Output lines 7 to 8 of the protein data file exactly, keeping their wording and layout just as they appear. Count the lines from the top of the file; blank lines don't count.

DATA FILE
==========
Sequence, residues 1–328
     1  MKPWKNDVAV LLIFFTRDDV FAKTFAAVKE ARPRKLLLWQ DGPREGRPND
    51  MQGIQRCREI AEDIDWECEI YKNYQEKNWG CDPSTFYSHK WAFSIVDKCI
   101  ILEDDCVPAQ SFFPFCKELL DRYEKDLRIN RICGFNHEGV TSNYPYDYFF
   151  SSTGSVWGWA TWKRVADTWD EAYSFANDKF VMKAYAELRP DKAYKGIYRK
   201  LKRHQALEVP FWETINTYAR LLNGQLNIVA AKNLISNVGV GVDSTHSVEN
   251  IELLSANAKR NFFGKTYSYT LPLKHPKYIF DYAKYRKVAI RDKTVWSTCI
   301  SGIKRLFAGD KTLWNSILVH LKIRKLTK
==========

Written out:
   251  IELLSANAKR NFFGKTYSYT LPLKHPKYIF DYAKYRKVAI RDKTVWSTCI
   301  SGIKRLFAGD KTLWNSILVH LKIRKLTK